It doesn't necessarily mean exactly the same biases since you could deliberately implement the opposite bias in some of those cases. But it suggests that such algorithms will consistently have overall a similar set of biases.

Seems interesting, but almost everything of it flew over my head. Still, even only the table of the biases might be of use in self-critique; like, am I unpacking the hypothesis A into several unlikely smaller hypotheses (A1, A2...) and so underestimating the probability of A because I see it as a conjunction of events of small probability?.. am I, on the other hand, thinking of A as a disjunction, and so overestimating its probability?..

It is hard (at least, for me) to even judge whether I consider something a disjunction or a conjunction - I usually have my 'hypotheses' as chunks of thought, of variable length, just running their course from the spark of noticing (something observed or imagined) to the end (often a variation of 'who cares').

(And if shower-thoughts are so helpful in thinking up alternative explanations and 'just random stuff'... then I hate having had long hair for most of my life. It meant head colds in the cold season after every second bath! Hooray for short, easily driable hair!

OTOH, when we had to digest, in college, chunks that were noticeably too large - like, cramming for a test on Arthropoda, or for the final test on virology, or even a seminar on photosynthesis, - sometime half-way to the end I began having this feeling, 'stop, this is too elaborate, rewind, this isn't beautiful anymore, quit'. And whoa, it turned out that Arthropoda were even more "monstrous" than I could take in (= even more variable and specialized), viruses were "Just Doing It" with no regard for the "everyday" ranges of any nameable constraints, and the lovely, elegant photosynthesis seemed a total mess when coupled to the rest of the plant.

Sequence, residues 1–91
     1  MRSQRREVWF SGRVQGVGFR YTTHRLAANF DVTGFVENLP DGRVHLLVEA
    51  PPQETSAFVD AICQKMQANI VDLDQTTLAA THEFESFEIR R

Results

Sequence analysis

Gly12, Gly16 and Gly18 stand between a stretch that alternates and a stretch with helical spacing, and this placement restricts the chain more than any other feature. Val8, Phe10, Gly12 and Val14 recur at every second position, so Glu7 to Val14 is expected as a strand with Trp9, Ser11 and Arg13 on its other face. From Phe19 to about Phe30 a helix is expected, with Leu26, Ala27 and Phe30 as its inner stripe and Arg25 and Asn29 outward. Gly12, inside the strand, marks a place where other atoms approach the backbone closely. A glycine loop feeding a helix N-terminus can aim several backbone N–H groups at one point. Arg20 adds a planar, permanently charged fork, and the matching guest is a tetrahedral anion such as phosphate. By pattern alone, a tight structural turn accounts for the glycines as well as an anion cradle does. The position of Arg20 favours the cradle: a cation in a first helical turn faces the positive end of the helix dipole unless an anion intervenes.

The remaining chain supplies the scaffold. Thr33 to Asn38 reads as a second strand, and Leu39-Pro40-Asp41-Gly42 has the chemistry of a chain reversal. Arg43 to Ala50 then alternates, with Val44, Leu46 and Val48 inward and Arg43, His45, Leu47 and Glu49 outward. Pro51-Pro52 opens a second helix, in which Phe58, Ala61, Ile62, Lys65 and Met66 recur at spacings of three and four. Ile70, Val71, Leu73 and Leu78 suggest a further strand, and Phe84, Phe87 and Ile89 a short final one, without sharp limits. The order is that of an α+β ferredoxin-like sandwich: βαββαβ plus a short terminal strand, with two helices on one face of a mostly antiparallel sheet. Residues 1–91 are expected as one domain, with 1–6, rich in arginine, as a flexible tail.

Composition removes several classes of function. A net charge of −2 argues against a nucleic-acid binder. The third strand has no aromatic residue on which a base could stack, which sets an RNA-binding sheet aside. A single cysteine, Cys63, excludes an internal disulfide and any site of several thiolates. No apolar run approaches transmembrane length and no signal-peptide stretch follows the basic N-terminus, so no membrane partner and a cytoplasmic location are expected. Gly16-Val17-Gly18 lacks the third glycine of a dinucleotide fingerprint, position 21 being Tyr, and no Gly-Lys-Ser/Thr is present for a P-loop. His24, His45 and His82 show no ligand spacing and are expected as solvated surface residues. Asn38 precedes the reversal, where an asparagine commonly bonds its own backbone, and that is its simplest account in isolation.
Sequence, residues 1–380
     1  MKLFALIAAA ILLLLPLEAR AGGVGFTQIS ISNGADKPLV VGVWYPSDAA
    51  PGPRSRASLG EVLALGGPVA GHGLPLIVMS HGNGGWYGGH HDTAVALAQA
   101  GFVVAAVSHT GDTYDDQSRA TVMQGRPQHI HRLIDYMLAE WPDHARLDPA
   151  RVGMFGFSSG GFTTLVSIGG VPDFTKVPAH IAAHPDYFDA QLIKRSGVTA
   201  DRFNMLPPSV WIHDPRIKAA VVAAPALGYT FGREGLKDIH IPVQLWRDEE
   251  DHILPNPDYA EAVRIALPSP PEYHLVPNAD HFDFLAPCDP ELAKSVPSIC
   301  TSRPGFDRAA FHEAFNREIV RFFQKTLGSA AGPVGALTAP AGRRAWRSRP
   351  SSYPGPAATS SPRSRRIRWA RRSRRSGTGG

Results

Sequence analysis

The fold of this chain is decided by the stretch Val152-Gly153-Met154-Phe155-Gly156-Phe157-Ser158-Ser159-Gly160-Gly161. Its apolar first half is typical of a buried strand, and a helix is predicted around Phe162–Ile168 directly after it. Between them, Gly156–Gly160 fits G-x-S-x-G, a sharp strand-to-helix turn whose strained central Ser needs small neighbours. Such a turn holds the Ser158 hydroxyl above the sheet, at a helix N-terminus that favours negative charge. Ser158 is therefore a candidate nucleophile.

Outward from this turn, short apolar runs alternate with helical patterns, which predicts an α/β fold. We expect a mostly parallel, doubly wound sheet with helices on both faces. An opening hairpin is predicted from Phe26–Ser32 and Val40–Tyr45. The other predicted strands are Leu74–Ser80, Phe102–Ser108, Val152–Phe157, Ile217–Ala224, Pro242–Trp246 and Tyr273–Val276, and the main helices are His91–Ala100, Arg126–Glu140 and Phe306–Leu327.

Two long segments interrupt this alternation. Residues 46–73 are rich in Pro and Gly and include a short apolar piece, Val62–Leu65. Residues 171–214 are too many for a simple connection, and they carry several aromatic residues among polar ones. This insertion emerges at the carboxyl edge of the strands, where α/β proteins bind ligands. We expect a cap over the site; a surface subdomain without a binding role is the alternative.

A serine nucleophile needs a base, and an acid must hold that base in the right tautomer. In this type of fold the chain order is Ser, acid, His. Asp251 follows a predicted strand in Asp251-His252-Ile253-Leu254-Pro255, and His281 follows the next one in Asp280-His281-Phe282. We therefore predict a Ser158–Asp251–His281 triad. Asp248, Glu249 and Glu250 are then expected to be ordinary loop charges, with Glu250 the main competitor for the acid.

I mean, first, they give you something that obviously wouldn't work as a human plot, then they show you that yes, it works, and then they tell you 'oh btw, you graduated now, go do your thinking for yourself, there's a good chap, and don't forget to penalize complex hypotheses! Because conjunctions!' Life is unfaaaair.)

I mean, thanks for the link, it's pretty scary:)

Which is to say, I think there is a big problem in teaching people (biologists, at least) to think up hypotheses. In that, the reasoner knows the final product must be of some non-trivial complexity, in the colloquial sense of the word, but that he isn't really allowed to put forward anything too complicated, because it's too easy to imagine a just-so story. (So now I will imagine myself a just-so story, because duh.)

One way to tinker with research is to think of your tools, whether material or mathematical, as part of the picture instead of the brush and paints that nobody displays at the exhibition. For example, people who compare methods for staining plants' roots for fungi see that the results are different and wonder what that tells about the physiology of the root as a whole; the relationship of the dye and the cytoplasm may depend on pH, and there comes a point when one can swear the difference in pH must be the property of the cytoplasm and not of the procedure of staining. From this, one may assume that the acidity of the cells changes depending on the development of the mycelium inside the root (and the age of the root, and other things); but why, exactly?... And then, comparing modifications of the methods and knowing at least the chemical structure of the dye, one may build hypotheses about the underlying physiological processes.

It's hard to view, for example, scanning electron microscopy (or something comparably multi-stage) as an "alien artefact in the world" rather than "a great big thing that by the good will of its operator lets me see the surface of very small things", but I think that such approach might be fruitful for generating hypotheses, at least in some not-too-applied cases. There must be fascinating examples of mathematical tools so toyed with. I mean, almost (?) all that I have read about math that was interesting for a layman, was written from this angle. But in school and college, they go with the "great big things" approach. (hash tag ramblingasalways)